Further guidance is available from the Avon and Somerset Police Lighthouse Victim and Witness Care website.

Child Sexual Exploitation

Child Sexual Exploitation

Everyone’s child is at risk of being sexually exploited – at any age, anytime, anywhere  

Child sexual exploitation (CSE) is a type of sexual abuse in which children are sexually exploited for money, power or status.

Parents are often the first to notice something is wrong: trust your instincts and talk to your child if you’re worried:

  • Have they a boyfriend, girlfriend or friends including adults who you don’t know?
  • Have you noticed them getting presents, money, a mobile phone or jewellery?
  • Have they been missing from home, staying out overnight or missing school?
  • Do they get picked up or dropped off by unknown people?
  • Are they secretive about where they go and who they see?
  • Do they chat to people online who they’ve never met?
  • Do you know what they’re accessing online?
  • Are they drinking or taking drugs regularly?

Look, listen, ask, ask again, be curious….

Children or young people may be tricked into believing they’re in a normal or loving, consensual relationship. They might be invited to parties and given drugs and alcohol. They may also be groomed online.

Some children and young people are trafficked into or within the UK for the purpose of sexual exploitation. Sexual exploitation can also happen to young people in gangs.

If you suspect a child may be at risk, or have any information relating to child sexual exploitation, call North Somerset Council via Care Connect on 01275 888 808 Monday to Friday 8am - 6pm or the Police on 101. If a child is in immediate danger, dial 999 straight away.

Information and helpful links:

Avon and Somerset Police: Child Sexual Exploitation (CSE) 

The Language we Use: a short video https://www.youtube.com/watch?v=0-R3FVCEN8I

An app for young people to use: https://www.barnardos.org.uk/what_we_do/our_work/sexual_exploitation/wud-u-app

Guidance for practioners working with young people and sexting: http://www.northsomersetsafeguarding.co.uk/userfiles/downloads/190/a3-sexting-guidance-for-practitioners.-31.10.17.pdf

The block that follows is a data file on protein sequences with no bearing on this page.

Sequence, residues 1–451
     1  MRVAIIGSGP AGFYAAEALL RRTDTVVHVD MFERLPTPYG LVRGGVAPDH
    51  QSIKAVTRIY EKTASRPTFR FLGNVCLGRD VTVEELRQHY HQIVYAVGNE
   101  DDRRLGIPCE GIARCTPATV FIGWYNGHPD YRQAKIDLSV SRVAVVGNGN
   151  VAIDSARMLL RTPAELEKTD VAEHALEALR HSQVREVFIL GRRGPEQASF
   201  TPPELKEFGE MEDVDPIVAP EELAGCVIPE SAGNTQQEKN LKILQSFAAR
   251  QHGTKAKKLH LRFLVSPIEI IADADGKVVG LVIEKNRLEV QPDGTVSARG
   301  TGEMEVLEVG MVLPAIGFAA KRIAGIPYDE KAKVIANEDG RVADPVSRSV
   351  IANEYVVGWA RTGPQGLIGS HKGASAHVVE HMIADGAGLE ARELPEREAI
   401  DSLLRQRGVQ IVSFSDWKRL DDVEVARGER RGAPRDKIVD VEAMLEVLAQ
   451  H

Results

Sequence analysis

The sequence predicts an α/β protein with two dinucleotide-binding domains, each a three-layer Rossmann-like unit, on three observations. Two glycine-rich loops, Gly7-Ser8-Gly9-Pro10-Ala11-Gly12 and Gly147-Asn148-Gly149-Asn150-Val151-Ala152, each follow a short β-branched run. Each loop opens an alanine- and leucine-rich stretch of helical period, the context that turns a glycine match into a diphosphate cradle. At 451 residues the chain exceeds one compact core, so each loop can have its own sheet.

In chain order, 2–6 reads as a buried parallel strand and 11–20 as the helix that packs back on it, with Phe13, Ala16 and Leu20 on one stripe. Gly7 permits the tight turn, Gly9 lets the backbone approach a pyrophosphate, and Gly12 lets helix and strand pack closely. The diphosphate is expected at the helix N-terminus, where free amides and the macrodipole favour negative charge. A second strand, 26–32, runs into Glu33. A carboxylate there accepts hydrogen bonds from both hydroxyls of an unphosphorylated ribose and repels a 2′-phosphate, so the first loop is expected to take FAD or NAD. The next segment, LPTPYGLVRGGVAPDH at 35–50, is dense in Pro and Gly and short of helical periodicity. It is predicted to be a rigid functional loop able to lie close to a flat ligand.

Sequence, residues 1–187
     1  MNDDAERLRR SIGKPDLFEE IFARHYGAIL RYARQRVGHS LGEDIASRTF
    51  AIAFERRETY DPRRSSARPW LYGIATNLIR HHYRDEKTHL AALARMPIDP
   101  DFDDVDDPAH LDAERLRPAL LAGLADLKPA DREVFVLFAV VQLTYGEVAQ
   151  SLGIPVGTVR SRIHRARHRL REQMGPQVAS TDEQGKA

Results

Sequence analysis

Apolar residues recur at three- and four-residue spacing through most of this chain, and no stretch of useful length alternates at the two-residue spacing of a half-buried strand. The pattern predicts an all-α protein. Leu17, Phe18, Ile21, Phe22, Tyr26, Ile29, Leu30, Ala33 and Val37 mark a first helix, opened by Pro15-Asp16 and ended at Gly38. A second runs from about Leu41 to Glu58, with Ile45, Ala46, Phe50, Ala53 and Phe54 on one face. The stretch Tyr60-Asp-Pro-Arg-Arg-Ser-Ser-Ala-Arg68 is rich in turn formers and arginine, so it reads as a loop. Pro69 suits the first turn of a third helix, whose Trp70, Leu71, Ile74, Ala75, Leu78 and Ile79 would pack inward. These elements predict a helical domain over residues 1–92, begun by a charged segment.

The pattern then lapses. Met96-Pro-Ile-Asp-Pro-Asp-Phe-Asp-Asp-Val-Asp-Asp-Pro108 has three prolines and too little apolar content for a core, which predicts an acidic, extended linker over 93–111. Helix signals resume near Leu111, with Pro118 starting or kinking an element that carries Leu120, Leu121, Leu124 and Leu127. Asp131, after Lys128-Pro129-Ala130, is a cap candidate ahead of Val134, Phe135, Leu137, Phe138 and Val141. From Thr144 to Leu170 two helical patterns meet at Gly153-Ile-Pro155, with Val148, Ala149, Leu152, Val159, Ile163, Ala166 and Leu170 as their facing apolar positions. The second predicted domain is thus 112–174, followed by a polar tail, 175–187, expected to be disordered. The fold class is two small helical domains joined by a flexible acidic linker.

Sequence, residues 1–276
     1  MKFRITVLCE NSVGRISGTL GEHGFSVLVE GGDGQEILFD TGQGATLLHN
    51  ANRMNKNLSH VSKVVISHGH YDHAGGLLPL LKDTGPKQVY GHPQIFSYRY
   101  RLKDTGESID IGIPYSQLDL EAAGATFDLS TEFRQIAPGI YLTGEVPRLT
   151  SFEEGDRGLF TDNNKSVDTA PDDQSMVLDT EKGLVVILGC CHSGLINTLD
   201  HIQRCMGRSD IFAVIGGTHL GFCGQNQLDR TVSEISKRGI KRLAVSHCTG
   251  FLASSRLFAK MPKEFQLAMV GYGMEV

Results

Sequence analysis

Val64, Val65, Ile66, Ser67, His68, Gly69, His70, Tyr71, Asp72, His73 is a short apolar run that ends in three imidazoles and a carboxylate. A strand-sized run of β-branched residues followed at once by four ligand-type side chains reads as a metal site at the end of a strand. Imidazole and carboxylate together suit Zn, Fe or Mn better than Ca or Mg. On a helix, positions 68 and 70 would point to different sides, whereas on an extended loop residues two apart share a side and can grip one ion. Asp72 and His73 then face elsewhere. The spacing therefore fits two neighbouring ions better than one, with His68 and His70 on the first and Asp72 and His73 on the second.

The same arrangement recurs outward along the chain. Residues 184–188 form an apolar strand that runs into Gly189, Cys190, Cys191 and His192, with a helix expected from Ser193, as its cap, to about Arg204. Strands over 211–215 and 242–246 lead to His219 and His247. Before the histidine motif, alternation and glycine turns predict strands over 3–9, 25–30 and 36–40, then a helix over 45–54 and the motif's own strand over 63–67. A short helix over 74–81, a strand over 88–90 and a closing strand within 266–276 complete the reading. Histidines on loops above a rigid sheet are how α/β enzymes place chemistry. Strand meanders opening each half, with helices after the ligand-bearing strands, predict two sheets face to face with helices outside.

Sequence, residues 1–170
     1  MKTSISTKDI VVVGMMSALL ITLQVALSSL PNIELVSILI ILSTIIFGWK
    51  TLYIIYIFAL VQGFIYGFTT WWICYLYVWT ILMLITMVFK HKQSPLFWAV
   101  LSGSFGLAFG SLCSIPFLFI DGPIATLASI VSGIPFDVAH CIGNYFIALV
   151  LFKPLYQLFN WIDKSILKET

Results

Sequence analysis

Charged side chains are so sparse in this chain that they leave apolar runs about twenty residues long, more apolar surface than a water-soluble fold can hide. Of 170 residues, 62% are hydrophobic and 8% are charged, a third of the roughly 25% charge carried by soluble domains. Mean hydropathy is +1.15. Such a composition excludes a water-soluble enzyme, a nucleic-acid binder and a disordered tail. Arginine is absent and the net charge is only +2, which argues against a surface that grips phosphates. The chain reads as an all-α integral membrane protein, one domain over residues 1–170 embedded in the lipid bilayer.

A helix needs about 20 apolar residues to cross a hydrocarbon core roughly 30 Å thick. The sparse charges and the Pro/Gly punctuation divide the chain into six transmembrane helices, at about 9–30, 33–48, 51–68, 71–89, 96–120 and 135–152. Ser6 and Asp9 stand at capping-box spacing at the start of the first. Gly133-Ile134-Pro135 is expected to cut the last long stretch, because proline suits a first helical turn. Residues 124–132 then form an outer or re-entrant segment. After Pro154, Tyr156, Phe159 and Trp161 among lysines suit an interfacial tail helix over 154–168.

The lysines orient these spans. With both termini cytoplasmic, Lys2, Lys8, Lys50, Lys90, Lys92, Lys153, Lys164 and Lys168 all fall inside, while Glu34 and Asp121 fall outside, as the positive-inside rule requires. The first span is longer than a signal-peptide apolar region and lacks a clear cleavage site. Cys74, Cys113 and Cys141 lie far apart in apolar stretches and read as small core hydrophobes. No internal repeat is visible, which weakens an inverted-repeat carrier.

Child Criminal Exploitation

Definitions of Child Criminal Exploitation

There is no legal definition of child criminal exploitation (CCE) through organised crime groups in England and Wales.

For Knowsley, the exploitation of children and young people under-18 is defined as that which:

‘involves exploitative situations, contexts and relationships where young people (or a third person or persons) receive ‘something’ (e.g. food, accommodation, drugs, alcohol, cigarettes, affection, gifts, money) as a result of them completing a task on behalf of another individual or group of individuals; this is often of a criminal nature. Child criminal exploitation often occurs without the child’s immediate recognition, with the child believing that they are in control of the situation. In all cases, those exploiting the child/young person have power over them by virtue of their age, gender, intellect, physical strength and/or economic or other resources. Violence, coercion and intimidation are common, involvement in exploitative relationships being characterised in the main by the child or young person’s limited availability of choice resulting from their social/economic and/or emotional vulnerability.’

The criminal exploitation of children includes a combination of:

  • Pull factors: children performing tasks for others resulting in them gaining accommodation, food, gifts, status or a sense of safety, money or drugs; often the hook is through the perpetrator supplying Class B drugs such as cannabis to the child or young person;
  • Push factors: children escaping from situations where their needs are neglected and there is exposure to unsafe individuals, where there is high family conflict or the absence of a primary attachment figure;
  • Control: Brain washing, violence and threats of violence by those exploiting the child particularly when the child or young person is identified by the police, they are expected to take full responsibility for the offences for which they are charged – i.e. possession and supply of illegal substances.

The majority of children or young people who enter into exploitation do so willingly however, their involvement is indicative of coercion or desperation rather than choice. Many young people do not recognize that they are being exploited or that they are at risk. The majority of children who are vulnerable to criminal exploitation are male however; the possibilities of female involvement should not be dismissed.

It is important to note that perpetrators of CCE may themselves be children who are criminally exploited and that the victims of CCE may also be at risk of becoming perpetrators.

County Lines and Cuckooing

County Lines is a term used to describe gangs and organised criminal networks involved in exporting illegal drugs into one or more importing areas in the UK, using a dedicated mobile phone line or other form of 'deal line'.